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Threat of school violence gets new look by officials

Garrett Scott, who patrols at Crescent Elk Middle School, said all threats of violence are taken seriously. Fortunately, he said few threats seem to be serious ones. (The Daily Triplicate /Stephen Merrill Corley).
Garrett Scott, who patrols at Crescent Elk Middle School, said all threats of violence are taken seriously. Fortunately, he said few threats seem to be serious ones. (The Daily Triplicate /Stephen Merrill Corley).

By Kent Gray

Triplicate staff writer

Garrett Scott walks a beat inside Crescent Elk Elementary School.

So far he says he hasnt seen serious threats of violence, but hes always alert to the possibility.

Ive investigated a mild amount of threats, Scott said. Most threats do not involve the use of weapons, but are more general in nature. The ones that include the use of weapons are the most serious and are always investigated.

In an attempt to clarify how law enforcement and schools would respond to a threat of violence, the Childrens Services Coordinating Council recently reviewed their Kids With Guns protocol, a guideline for authorities when dealing with school violence.

The bottom line is that it is working the way we intended it to work, said District Attorney Robert Drossel, one of the designers of the protocol. It was ripe for review now because of the reminders we get from violence on schoolgrounds across the nation.

While the guidelines are clear about what to do when a gun is found, officials agree threats are at least as important.

I think we all have to key in on the red flags, Drossel said. Things like threats by students, rage and signs of depression are some of the indicators.

In recent months, police logs reported incidents of threats at Mountain School, Sunset High, Del Norte High, Mary Peacock, Pine Grove Elementary and Joe Hamilton. These ranged from students threatening to bring an axe to school and killing other students to teachers finding a stun gun on campus.

Scott, who is both a Crescent City police officer and a school resource officer at Crescent Elk School, said, Most threats from here have been warning signs to be followed up on. We want to make sure the threats are not serious and that they will not be carried out.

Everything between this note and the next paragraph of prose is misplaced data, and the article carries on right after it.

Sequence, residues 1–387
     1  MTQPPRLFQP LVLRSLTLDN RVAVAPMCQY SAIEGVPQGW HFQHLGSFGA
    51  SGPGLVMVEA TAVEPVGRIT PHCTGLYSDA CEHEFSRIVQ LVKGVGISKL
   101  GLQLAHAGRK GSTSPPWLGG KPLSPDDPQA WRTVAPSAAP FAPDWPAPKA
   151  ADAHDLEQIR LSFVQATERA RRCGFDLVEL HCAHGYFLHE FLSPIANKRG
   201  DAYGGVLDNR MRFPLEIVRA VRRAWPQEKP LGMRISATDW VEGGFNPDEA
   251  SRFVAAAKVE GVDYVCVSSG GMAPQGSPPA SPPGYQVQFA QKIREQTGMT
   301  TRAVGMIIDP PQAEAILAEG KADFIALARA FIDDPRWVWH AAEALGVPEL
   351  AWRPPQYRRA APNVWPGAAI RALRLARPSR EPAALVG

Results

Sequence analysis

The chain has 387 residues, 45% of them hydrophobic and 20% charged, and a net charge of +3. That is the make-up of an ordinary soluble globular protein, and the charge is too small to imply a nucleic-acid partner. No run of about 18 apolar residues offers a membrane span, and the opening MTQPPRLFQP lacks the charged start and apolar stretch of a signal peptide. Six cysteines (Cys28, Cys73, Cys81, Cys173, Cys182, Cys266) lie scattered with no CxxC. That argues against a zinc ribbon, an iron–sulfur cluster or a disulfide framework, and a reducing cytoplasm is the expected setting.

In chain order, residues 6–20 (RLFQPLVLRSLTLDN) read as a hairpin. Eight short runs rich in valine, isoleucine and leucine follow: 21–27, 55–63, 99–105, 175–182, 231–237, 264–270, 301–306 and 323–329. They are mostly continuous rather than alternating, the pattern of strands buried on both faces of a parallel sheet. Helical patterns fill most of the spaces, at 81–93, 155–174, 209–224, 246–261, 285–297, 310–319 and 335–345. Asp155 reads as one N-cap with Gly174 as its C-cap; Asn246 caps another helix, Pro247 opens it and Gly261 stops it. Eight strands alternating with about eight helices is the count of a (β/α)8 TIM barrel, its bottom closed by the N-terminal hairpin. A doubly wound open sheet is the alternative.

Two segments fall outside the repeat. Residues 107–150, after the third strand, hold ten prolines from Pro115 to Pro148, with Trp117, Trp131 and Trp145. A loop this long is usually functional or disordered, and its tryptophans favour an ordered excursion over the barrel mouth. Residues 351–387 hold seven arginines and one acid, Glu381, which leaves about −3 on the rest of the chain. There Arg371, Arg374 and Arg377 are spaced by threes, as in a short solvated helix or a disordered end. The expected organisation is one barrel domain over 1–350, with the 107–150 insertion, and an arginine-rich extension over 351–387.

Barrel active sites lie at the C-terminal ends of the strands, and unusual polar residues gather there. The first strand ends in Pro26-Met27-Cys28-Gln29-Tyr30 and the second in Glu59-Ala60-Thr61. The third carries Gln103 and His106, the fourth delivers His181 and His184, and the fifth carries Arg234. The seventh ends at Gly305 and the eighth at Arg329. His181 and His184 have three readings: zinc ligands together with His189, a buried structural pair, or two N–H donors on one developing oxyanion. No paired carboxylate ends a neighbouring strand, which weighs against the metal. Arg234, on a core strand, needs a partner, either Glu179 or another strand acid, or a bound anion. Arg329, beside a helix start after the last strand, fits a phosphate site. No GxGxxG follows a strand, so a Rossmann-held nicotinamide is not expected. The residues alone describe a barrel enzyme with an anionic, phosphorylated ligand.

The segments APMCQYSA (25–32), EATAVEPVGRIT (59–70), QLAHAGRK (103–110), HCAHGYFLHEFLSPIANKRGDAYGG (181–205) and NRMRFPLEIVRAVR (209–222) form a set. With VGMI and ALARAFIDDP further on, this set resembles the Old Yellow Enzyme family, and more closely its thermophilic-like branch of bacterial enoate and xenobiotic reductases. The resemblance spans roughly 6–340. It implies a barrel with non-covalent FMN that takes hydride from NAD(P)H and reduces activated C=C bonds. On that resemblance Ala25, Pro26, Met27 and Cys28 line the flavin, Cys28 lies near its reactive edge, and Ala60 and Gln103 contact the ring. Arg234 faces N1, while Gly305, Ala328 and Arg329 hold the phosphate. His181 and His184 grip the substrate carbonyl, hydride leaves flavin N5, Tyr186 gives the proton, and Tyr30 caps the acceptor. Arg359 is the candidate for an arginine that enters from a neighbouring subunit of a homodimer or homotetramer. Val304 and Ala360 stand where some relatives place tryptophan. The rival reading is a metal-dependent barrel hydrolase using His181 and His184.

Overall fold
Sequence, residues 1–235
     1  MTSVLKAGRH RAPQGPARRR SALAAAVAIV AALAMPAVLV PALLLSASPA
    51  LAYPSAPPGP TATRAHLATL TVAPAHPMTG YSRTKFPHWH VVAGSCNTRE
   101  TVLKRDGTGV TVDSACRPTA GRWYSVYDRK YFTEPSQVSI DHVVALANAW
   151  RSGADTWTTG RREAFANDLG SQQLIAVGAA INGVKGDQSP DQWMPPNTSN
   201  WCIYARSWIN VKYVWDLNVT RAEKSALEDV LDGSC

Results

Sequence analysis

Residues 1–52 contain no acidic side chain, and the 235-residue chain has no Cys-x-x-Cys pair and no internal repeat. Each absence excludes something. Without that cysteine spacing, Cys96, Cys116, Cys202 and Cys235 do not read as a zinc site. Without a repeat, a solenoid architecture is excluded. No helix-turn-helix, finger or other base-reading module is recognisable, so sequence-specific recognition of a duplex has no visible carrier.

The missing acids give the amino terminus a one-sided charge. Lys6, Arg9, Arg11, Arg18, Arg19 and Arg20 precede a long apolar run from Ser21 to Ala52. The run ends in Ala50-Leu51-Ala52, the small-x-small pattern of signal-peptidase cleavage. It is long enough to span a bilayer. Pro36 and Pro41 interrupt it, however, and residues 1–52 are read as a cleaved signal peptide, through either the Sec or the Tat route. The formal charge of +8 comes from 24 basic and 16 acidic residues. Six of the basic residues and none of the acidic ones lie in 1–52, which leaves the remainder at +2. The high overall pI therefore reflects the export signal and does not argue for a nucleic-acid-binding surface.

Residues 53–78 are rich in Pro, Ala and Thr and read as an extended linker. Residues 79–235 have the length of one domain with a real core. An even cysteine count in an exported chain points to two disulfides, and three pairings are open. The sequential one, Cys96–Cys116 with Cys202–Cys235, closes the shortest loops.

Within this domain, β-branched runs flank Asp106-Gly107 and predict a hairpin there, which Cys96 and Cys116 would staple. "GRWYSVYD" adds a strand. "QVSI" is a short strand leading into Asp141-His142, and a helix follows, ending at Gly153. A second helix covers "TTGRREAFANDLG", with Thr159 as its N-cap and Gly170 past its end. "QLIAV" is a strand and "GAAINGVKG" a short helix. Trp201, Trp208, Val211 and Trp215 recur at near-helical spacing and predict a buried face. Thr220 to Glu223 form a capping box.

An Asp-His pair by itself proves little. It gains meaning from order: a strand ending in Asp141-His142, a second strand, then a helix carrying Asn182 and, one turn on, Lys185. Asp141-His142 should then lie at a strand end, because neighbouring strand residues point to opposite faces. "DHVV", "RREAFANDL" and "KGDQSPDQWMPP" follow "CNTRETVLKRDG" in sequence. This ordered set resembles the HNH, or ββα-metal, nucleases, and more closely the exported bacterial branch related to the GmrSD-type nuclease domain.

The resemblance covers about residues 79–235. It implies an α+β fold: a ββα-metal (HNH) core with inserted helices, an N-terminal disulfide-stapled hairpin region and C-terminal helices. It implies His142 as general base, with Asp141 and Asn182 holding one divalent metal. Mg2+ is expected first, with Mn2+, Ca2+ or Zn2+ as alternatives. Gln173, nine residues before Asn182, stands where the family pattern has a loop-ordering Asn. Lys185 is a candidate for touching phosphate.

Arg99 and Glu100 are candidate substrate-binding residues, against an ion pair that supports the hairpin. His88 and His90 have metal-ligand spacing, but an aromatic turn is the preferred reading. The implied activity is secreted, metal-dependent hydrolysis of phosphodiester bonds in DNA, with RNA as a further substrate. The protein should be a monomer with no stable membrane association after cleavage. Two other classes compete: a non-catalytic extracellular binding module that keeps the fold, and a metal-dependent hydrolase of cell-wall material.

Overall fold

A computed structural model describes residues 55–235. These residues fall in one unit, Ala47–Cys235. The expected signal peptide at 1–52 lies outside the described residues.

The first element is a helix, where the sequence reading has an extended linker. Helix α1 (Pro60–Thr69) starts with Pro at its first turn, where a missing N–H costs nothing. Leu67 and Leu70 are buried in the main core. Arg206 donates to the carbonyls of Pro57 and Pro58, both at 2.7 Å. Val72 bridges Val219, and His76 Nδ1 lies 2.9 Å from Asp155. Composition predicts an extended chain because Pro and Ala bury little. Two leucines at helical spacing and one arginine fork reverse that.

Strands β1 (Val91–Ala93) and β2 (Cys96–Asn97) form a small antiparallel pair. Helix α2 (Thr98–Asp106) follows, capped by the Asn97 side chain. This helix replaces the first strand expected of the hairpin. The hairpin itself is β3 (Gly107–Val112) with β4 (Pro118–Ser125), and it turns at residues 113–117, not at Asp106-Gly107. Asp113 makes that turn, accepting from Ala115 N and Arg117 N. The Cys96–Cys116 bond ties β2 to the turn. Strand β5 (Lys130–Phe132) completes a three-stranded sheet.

Scott said that two incidents connected with Crescent Elk advanced to the point that authorities sought and received permission from parents to evaluate the access to weapons at the students home. In both cases the homes were found to be secure.

We notify the Probation Department, which is a good source for referral to different programs. We contact Social Services to see if there is a history of violence in the family. And we contact the D.A.s office so they can evaluate the circumstances. We keep everyone on the same page so we can make a consistent investigation each time, he said.

Council member Mick Miller, who is the director of Del Norte Countys Department of Mental Health, said the wording in the protocol will be readdressed in the future.

We intend to revise the protocol to include a more formal statement about threats of violence, Miller said. Especially since our intention is to be as proactive as possible. We want to make sure the kind of violence we have seen on other school campuses around the country does not happen here.

Scott said that despite the seriousness in which authorities deal with threats of violence from students, the problem is not prevalent locally.

Weve had some parents express concern that an officer is on school grounds and carrying a gun, Scott said. But it is important to make clear that my main purpose for being here is to deal with troubled kids and attendance problems.

Aside from Drossel and Miller, the Childrens Services Coordinating Council is comprised of the following individuals: Juvenile Court Judge Robert Weir, Sheriff Jim Maready, Police Chief Bob West, School Superintendent Walt Hanline, Chief Probation Officer Bo Seymour and Jeff Hartson from the Juvenile Justice Commission.

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